Use more persuasive imagery in presentations and speeches.

Use imagery for more persuasive presentations and speeches

“If we don’t change course now, we’ll hit the rocks!” This widely-known metaphor shows how can we get a message across better. It is an example of how we can use imagery for more persuasive presentations and speeches. Communication has two main components: the rational and the emotional. Managers mostly communicate in rational mode – about hard data and facts. Unfortunately, as we all know, facts can be dry. And facts quoted in speeches can make the listeners fall asleep.

Imagery and images are two different concepts, according to experts, although many people use the terms interchangeably. An image is a visual representation of something, It can be a photo, painting, drawing, illustration, or a mental picture. For example: “Her photo captured the perfect image of a sunset.”

imagery is a broader term that encompasses all five senses and can create a vivid and emotional experience for the reader. It is descriptive language that creates a mental picture in the reader’s mind. For example, “The writer’s use of vivid imagery painted a picture of the beautiful countryside around the property.”

When facts are central to a message, the role for the speaker is to interpret the figures for their audience. Leaving the audience to make sense of the information as best they can, especially technical information, allows the audience members to place their individual interpretation on the information. They will always filter the rational message through their own experiences and beliefs. However, by interpreting the data for the audience, you guide them to the key conclusions.

A good example is investor relations activity – potential investors are not interested in the mere data about a company and the share price to that point; they are interested in what the data means. They want someone knowledgeable to tell them about the implications of the rational data – what the end result is in terms of the people it helps, etc. This is an example of the way presenters usually need memorable imagery for more persuasive presentations and speeches.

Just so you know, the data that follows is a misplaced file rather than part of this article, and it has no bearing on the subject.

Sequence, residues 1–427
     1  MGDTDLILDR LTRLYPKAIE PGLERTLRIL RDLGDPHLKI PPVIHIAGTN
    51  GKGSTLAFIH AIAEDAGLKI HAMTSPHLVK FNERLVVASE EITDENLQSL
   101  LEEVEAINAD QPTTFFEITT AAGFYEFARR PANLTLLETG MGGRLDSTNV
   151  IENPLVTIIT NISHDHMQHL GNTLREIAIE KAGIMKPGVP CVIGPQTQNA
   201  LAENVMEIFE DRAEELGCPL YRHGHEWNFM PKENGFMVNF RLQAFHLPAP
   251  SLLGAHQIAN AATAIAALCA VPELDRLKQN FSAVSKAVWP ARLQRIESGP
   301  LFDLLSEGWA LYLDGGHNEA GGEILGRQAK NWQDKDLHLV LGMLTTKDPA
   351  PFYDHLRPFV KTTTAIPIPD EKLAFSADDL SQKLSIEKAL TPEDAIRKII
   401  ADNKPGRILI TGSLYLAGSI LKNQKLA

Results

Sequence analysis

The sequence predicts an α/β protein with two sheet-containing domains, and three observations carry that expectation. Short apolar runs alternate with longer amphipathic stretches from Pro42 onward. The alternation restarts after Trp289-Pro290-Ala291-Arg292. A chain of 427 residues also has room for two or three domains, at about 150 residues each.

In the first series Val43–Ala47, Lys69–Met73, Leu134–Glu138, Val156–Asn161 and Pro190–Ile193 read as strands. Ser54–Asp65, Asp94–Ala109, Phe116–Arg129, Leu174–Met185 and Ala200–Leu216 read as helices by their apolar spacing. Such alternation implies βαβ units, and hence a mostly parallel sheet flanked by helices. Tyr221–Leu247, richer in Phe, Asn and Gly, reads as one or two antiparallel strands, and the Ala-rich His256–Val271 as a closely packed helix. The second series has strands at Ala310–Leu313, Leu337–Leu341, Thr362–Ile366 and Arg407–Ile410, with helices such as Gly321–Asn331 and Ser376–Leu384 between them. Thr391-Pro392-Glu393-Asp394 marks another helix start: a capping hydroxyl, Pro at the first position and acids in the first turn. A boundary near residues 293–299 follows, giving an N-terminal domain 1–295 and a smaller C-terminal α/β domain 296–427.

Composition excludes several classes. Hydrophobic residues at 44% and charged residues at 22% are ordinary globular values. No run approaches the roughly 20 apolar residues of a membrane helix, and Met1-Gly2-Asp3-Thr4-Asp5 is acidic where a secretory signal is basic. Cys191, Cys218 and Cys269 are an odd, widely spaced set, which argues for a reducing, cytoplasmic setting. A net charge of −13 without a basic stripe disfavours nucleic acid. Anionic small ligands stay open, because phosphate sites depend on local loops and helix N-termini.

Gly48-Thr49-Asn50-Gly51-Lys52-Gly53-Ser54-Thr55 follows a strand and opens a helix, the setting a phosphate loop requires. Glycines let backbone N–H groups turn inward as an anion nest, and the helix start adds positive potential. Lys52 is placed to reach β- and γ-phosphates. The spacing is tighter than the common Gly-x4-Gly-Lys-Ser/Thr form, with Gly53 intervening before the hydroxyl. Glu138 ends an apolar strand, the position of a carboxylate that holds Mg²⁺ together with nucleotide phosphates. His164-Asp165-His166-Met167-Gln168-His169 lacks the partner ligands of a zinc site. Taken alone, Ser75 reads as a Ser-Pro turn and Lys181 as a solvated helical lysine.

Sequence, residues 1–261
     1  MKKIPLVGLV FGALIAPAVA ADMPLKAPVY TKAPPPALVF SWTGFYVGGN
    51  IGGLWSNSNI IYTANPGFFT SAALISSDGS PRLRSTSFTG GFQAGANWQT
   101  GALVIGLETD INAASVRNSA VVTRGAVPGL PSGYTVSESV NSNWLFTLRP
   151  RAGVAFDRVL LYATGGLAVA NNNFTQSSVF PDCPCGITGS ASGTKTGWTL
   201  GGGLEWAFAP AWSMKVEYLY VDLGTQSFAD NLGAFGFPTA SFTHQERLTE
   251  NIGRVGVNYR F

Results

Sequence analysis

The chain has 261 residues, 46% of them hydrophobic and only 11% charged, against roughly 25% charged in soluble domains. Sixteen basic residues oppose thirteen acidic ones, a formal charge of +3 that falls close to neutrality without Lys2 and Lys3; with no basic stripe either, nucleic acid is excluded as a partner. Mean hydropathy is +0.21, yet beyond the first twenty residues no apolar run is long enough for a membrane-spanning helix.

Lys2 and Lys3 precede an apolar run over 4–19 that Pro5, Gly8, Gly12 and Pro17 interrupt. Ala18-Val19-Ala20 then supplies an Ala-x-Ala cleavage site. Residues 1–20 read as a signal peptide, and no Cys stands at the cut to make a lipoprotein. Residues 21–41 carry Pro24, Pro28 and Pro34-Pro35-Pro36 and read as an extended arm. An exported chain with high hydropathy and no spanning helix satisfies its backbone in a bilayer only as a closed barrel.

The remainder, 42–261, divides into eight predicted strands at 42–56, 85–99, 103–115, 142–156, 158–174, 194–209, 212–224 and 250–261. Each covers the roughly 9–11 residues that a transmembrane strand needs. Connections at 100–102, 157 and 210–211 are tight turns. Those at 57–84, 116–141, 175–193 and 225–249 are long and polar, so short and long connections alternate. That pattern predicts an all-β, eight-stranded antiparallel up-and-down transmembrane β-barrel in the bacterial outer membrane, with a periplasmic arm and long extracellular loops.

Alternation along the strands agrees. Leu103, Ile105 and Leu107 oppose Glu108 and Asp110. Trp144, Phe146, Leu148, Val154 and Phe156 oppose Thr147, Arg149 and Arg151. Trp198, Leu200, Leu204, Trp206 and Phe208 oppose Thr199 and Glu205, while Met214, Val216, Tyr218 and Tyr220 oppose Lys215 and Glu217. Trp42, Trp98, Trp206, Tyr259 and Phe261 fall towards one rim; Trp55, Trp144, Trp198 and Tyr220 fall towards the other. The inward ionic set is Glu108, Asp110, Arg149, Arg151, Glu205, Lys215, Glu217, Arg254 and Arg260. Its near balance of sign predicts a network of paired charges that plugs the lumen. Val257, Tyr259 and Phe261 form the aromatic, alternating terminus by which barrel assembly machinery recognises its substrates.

Use emotion

The other key factor is emotion. Emotion provides the motivation for action. Providing facts for consideration is reporting; it is a staff-level function. Motivating people to action is leadership, an executive quality.

The emotional or motivational impact is often best presented through symbols that arouse and create emotion in the listener. Persuasive messages must have both facts and emotion, so use strong but familiar words that create pictures in people’s minds.

Listeners’ senses are the key to effective communication: sight, hearing, touch, taste, smell and visceral (motion and emotion). People best remember things that reach their sensory memory. Most people are visually oriented. They prefer to receive messages in pictures. Visual symbols are the most powerful of the sensory communication tools. And if suitable pictures can’t be used, the speaker can say, “Picture this: …” for a compelling mental picture.

The best way to activate an audience is to select just a couple of sensory-rich details to reinforce the important points in the message. To bring home the impact of company retrenchments, the speaker can paint a single, vivid picture – a small example that illuminates a point. Skilled leaders often use this technique. They distill social/political programs to their essence and summarize through metaphors. They use highly visual examples – usually a story about how a single person is affected. This is a good example of imagery for more persuasive presentations and speeches.


And they use metaphors. A metaphor is a symbol or image applied to an object or action to which it is imaginatively but not literally applicable. Metaphors occur frequently in every language and are used to conceptualize one mental domain in terms of another. Everyday abstract concepts like time, change, causation and purpose can be expressed metaphorically. These images add great strength to the communication. For example:

  • “We’re like a ship without a rudder.”
  • “We’re heading for the rocks.”
  • “There’ll be blood on the floor at the next committee meeting.”
  • “Our competitor has been a thorn in our side.”
  • “The project fell over at the first hurdle.”
  • “This is an enormous roadblock to our plans.”
  • “That investor jumped the gun.
  • “Heavy-handed policy.”
  • “Grass-roots organization.”
  • “Out of the mainstream.”